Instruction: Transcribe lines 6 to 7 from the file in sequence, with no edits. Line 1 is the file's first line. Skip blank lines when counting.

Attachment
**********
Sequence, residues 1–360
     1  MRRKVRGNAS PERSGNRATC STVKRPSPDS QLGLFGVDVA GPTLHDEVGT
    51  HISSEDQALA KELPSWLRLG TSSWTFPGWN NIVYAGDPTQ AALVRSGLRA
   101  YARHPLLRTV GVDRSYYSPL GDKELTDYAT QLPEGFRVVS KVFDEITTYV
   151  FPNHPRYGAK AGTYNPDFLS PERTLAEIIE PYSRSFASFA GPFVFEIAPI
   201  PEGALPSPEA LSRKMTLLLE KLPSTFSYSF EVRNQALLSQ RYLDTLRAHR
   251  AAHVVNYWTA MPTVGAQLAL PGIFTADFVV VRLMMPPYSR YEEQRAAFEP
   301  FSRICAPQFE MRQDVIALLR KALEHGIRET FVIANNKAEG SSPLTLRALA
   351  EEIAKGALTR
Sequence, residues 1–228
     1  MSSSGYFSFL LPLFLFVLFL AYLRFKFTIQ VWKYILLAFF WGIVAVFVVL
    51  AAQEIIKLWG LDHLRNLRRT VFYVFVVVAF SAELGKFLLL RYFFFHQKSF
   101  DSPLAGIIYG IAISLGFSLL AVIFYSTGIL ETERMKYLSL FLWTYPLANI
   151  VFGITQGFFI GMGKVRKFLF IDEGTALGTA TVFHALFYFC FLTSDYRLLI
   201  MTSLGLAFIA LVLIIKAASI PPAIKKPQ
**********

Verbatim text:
   201  PEGALPSPEA LSRKMTLLLE KLPSTFSYSF EVRNQALLSQ RYLDTLRAHR
   251  AAHVVNYWTA MPTVGAQLAL PGIFTADFVV VRLMMPPYSR YEEQRAAFEP